Gold prices rose on Wednesday after European Central Bank policymaker Ewald Nowotny said he could see grounds for giving Europe's rescue fund a banking license, lifting the euro off lows versus the dollar and pushing stock markets higher.
Giving Europe's ESM bailout fund a banking license would allow it to tap cheap ECB funding. Investors have increasingly worried that the fund's firepower would be hugely diminished if Spain needed a full scale sovereign bailout.
The precious metal is particularly sensitive to moves in the wider financial markets in the absence of direction from physical demand, which has been weak in recent months, tending to benefit from dollar weakness and sharper appetite for risk.
Spot gold was up 0.6 percent at $1,589.71 an ounce at 6:02 a.m. EDT (1002 GMT), while U.S. gold futures for August delivery were up $12.90 an ounce at $1,589.10.
Gold has held in a $75 range so far in July, its narrowest monthly spread in since April. Weak seasonal buying in some Asian markets, waning inflows into gold-backed exchange-traded funds and caution amongst investors have limited price gains.
Four to six weeks will take us into an interesting time for the gold market, which we think should be more constructive, Credit Suisse analyst Tom Kendall said.
Between now and then, physical demand is still pretty soft, positioning is disinterested across much of the investment community, he added. Technically the price action is starting to look a bit more constructive... but that could fade as quickly as it appears to have been building.
We've had a modest uptick in sentiment this morning with these comments about the banking license for the ESM, but again that kind of market reaction to political commentary can be very easily undone by economic data, which has not been encouraging.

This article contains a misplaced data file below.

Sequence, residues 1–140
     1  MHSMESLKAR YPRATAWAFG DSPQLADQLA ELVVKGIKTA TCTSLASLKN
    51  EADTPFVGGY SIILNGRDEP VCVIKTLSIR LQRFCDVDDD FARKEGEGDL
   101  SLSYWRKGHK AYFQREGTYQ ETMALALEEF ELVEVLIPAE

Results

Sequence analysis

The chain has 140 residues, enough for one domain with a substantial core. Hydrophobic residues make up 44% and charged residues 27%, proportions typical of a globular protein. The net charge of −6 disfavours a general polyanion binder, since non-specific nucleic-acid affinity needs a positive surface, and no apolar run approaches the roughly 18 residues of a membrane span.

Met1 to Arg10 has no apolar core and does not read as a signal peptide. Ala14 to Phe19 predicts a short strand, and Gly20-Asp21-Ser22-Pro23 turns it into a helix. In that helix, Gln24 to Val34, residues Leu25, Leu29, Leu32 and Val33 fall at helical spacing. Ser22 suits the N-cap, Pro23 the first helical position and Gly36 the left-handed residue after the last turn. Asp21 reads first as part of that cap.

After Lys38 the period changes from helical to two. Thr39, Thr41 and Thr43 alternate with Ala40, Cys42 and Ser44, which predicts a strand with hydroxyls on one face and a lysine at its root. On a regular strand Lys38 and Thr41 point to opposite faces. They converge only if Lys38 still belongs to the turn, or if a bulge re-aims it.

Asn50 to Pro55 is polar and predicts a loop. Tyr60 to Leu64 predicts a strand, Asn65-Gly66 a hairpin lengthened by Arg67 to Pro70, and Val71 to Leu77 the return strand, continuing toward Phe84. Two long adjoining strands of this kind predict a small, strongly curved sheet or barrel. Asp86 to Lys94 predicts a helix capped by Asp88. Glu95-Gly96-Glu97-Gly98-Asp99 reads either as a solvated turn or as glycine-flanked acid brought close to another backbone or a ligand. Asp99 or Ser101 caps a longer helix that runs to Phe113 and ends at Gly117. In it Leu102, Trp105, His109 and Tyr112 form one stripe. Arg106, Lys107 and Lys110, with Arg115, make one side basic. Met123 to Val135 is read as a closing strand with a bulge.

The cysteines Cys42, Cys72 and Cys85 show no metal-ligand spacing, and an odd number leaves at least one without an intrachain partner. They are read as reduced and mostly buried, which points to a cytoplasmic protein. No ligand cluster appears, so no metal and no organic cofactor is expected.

Economic data from Europe was weak on Wednesday. Germany's closely watched Ifo index of sentiment came in below forecasts, while Britain's second-quarter growth numbers were far worse than expected. U.S. new home sales data will be closely watched later in the day.
PHYSICAL DEMAND SOFT
Physical gold traders in number one consumer India stayed on the sidelines after prices extended gains for a third straight day to hit their highest level in more than two weeks.
The most-active gold for August delivery on the Multi Commodity Exchange (MCX) rose to as much as 29,729 rupees per 10 grams, the highest level since July 6.
Among other precious metals, silver was up 0.4 percent at $27.06 an ounce, tracking gains in gold. Confidence in the metal remains shaky however, analysts said, with investors wary of taking positions in the volatile metal.
The world's largest silver-backed exchange-traded fund, the iShares Silver Trust reported an outflow of 69.36 metric tonnes (76.45 tons) on Tuesday, the biggest one-day drop in its holdings in three weeks.
ETFs, which issue securities backed by physical stocks of metal, have proved a popular way to invest in gold and silver in recent years.
Silver is finding little support from the investor side at present, Commerzbank said in a note. The iShares Silver Trust, the world's largest silver ETF, yesterday recorded outflows of nearly 70 tons. Money managers are also showing reticence at the moment, net long positions at the very low level of 4.5 thousand contracts.
Elsewhere, gold's rise pushed its premium over platinum, which has suffered from the impact of slowing economic growth on demand, above $200 an ounce for the first time since early January. The platinum/gold ratio rose to a 7-1/2-month high at 1.15/1.
Spot platinum was up 0.9 percent at $1,390.89 an ounce, while spot palladium was up 1.4 percent at $564.03 an ounce.
Johnson Matthey (JMAT.L), the world's largest supplier of catalytic converters, posted a virtually flat first quarter, as the impact of lower platinum and palladium prices offset the benefit of increased car and truck sales in North America.